In 2015 after a lot of research, we began planting lavender. In our first year, we had just under 4,000 plants. By 2018 we added over 10,000 plants. The farm itself is 50 acres; home to the 14,000+ plants, farm store, greenhouse, garden, chicken coop, wetlands and more. We grow our plants without pesticides or other chemicals. Lavender is naturally drought- and pest-resistant however, we must weed and nurture our plants by hand to ensure their health and productivity.
We have 9 varieties of Lavender on the farm: 6 lavandula angustifolias and 3 lavandula x. intermedia.
Lavandula is a genus of 47 known species of flowering plants in the mint family.
The most widely cultivated species is Lavandula angustifolia (English Lavender). Types of Lavandula angustifolia on the farm; Hidcote, Big Time Blue, Melissa, Rosea, Royal Velvet and Munstead.
Lavandula x. intermedia, also called Lavandin, is a hybrid cross between Lavandula angustifolia and Lavandula latifolia (Portuguese Lavender). These plants tend to grow a bit larger than English Lavender. Types of Lavandin on the farm; Grosso, Phenomenal and Edelweiss.
Planted in 2017, this field contains roughly 3,500 Phenomenal variety lavender plants. Phenomenal is a taller variety, reaching 24-36 inches and has a beautiful bright purple color. This variety is perfect for home décor and culinary uses. Phenomenal also tends to over winter well. We typically do not have to supplement Mother Natures water in this field, this variety is pretty hardy and does not need much water.
Planted in 2017, this field contains about 2,100 of the Big Time Blue lavender plant variety. Big Time Blue is one of our early bloomers, typically starting at the end of June. It has a beautiful purple color that dries nearly blue. The Meadow is the inspiration for our "Pine in the Meadow" scent in many of our products. We will often see a second bloom on this variety in late August or early September.
This was the first field planted on the farm! In 2015, we planted 3,200 in several different varieties; Phenomenal, Rosea, Royal Velvet, Hidcote, Melissa and Edelweiss. Some of these varieties are a bit more fragile and do not do so well in our harsh Michigan climate. We have added Folgate in 2021 to test this variety. Did you know not all lavender is purple? Can you spot the varieties in this field that are NOT purple?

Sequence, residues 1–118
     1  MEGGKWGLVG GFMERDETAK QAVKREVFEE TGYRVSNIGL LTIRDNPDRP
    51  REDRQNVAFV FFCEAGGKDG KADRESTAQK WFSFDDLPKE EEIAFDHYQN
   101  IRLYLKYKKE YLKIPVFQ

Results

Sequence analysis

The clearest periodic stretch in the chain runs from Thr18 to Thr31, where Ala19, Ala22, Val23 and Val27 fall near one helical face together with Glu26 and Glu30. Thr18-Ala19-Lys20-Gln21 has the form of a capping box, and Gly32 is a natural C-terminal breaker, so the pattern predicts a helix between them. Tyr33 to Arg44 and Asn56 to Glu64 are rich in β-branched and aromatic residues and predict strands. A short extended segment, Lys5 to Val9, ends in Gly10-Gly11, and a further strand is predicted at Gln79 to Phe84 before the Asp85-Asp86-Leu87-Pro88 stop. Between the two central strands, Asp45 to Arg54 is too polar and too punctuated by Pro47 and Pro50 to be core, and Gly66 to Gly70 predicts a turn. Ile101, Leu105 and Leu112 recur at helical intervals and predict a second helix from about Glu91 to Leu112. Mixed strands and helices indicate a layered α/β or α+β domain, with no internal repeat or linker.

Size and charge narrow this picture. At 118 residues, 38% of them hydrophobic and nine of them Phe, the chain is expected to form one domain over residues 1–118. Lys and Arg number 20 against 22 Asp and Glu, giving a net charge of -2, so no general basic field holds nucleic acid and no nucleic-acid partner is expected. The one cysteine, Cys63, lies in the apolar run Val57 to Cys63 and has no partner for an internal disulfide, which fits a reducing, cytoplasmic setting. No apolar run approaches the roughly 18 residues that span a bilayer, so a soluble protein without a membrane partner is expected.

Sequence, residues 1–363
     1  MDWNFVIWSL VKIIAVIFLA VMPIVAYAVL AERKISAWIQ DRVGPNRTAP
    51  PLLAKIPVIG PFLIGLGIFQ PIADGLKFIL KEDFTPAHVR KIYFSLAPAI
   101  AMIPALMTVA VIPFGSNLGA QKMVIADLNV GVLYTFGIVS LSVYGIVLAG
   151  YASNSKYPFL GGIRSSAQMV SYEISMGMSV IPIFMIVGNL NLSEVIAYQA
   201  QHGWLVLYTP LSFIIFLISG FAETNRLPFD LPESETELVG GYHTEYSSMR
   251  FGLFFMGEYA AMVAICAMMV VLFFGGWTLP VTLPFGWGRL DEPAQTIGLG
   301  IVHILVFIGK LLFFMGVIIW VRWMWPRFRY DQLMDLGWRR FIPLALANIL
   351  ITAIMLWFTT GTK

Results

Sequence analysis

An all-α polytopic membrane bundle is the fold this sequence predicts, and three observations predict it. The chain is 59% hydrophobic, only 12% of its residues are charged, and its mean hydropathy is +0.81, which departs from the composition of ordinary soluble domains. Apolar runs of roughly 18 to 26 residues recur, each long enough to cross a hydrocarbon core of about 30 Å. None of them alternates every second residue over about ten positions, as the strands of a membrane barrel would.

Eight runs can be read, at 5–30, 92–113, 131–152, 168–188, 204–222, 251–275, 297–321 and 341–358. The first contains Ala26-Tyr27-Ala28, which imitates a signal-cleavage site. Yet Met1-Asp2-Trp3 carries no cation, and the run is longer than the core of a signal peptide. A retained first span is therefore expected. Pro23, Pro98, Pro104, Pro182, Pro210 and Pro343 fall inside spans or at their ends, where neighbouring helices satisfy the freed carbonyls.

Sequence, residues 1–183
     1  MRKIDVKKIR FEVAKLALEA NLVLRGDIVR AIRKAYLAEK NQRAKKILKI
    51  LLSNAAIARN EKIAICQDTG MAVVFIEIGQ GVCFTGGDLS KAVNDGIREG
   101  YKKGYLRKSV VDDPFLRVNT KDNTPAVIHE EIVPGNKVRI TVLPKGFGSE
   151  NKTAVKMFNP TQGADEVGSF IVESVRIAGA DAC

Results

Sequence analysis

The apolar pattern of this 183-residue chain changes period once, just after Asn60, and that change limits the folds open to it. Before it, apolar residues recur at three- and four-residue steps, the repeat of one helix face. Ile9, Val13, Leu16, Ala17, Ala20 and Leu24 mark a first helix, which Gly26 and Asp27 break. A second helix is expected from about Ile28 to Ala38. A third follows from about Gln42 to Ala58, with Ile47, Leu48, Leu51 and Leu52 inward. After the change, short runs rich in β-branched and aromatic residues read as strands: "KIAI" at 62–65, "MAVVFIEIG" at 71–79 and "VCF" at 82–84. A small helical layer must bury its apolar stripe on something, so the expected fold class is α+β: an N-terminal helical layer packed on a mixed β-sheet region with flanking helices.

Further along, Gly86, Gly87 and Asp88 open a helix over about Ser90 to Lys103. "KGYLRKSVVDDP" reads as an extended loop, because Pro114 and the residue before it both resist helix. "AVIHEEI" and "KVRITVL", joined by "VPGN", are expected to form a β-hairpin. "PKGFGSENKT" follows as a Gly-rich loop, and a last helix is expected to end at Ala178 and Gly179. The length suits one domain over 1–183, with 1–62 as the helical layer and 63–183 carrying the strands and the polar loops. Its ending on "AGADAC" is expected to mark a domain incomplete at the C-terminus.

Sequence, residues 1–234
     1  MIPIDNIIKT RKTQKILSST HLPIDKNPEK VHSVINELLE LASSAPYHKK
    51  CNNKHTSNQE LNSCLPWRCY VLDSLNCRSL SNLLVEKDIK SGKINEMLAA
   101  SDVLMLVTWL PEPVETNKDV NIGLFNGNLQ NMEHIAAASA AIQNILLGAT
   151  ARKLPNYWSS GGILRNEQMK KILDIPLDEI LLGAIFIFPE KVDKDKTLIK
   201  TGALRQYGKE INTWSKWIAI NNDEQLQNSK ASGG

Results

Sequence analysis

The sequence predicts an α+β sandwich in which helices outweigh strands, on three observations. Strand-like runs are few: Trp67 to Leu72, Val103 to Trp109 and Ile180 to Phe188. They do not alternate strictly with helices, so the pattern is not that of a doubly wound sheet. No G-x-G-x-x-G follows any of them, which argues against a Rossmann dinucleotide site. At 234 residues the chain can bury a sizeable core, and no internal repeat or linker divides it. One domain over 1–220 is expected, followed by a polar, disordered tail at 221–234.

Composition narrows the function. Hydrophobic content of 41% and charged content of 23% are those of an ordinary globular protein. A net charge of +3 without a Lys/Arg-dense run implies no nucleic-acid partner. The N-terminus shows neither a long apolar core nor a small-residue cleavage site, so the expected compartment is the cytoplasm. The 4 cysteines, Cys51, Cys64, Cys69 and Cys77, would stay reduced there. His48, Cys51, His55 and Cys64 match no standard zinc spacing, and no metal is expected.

Planted in 2016, this field contains many different varieties of lavender; Grosso, Rosea, Hidcote Blue, Phenomenal, Folgate & Hidcote Giant. There are about 1,150. This field is considered our "test plot". We try out different varieties of lavender to determine which over winter best, are best for oil production, and are the best for culinary purposes. Take a moment to check out each plant, see if you can pick out what is different about each. Smell, color, height? We enjoy studying the different varieties!
Planted in 2016, this field contains roughly 1,250 Grosso lavender plants. 100% of this field is used for oil production. During the summer, the lavender is harvested and distilled to produce our lavender oil. Lavender can be used in a wide variety of therapeutic treatments.
Planted in 2016, this field contains 3 varieties; Grosso, Hidcote Blue & Phenomenal. There are approximately 3,200 plants in this field. We are actively replacing Grosso with Hidcote Blue plants allowing us to offer more of this variety on the farm. Grosso will remain in Field 3 for oil production.
The garden was started in 2020 with several varieties of vegetables, herbs and some fruit. Our chickens and peacocks enjoy a treat from the garden now and then. We also use some of the herbs in our products. Planting began in the greenhouse in early 2021. Offering cut flowers such as: tulips, ranunculus and anemone. Baby lavender plants are also cultivated in the greenhouse.
In 2018 several varieties of feathered friends join our Indigo family. Silkies, Chickens, Ducks and even Peacocks enjoy the Southwest corner of the farm. Silkies are a breed of chicken named for their fluffy plumage which is said to feel like silk and satin. Our hens need their privacy as they are laying eggs daily. Please do not enter their coop or climb on their fencing. Why do some of our silkies stay in the pen and not free range like the others? Silkies are considered a Bantam chicken, which is much smaller than the rest of the chicken friends in our flock. Silkies are quite docile and have a hard time defending themselves against larger fowl and predators. They are also terrible fliers and can't reach the same safe heights as our other feathered friends. So in order to keep our silkies safe and happy, we keep the hens and a couple roosters in the pen full time. The other larger white silkies that you see outside the pen are roosters.
Our Honey Bees have three locations on the farm and are hard at work making our delicious Lavender Honey. Indi Bee asks that you help keep her friends happy by letting them continue their work peacefully - - watch don't swat! There are nearly 1/2 million pollinators on the farm and are an important part of the farm eco-system.